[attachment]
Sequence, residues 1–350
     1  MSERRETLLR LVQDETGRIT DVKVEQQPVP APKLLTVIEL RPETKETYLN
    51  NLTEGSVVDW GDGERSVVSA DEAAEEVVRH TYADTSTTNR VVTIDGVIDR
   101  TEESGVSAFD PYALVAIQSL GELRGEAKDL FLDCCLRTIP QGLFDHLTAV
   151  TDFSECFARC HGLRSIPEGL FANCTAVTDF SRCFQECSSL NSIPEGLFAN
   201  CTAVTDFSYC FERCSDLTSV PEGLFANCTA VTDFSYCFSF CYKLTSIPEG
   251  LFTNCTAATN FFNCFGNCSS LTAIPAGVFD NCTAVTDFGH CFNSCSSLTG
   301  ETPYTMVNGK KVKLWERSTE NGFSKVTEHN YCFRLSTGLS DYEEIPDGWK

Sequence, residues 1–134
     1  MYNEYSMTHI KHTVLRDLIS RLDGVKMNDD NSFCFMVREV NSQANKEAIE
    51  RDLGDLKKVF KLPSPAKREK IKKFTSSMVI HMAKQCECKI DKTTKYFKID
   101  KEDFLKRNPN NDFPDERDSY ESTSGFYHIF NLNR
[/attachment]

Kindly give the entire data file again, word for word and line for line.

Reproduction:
Sequence, residues 1–350
     1  MSERRETLLR LVQDETGRIT DVKVEQQPVP APKLLTVIEL RPETKETYLN
    51  NLTEGSVVDW GDGERSVVSA DEAAEEVVRH TYADTSTTNR VVTIDGVIDR
   101  TEESGVSAFD PYALVAIQSL GELRGEAKDL FLDCCLRTIP QGLFDHLTAV
   151  TDFSECFARC HGLRSIPEGL FANCTAVTDF SRCFQECSSL NSIPEGLFAN
   201  CTAVTDFSYC FERCSDLTSV PEGLFANCTA VTDFSYCFSF CYKLTSIPEG
   251  LFTNCTAATN FFNCFGNCSS LTAIPAGVFD NCTAVTDFGH CFNSCSSLTG
   301  ETPYTMVNGK KVKLWERSTE NGFSKVTEHN YCFRLSTGLS DYEEIPDGWK

Sequence, residues 1–134
     1  MYNEYSMTHI KHTVLRDLIS RLDGVKMNDD NSFCFMVREV NSQANKEAIE
    51  RDLGDLKKVF KLPSPAKREK IKKFTSSMVI HMAKQCECKI DKTTKYFKID
   101  KEDFLKRNPN NDFPDERDSY ESTSGFYHIF NLNR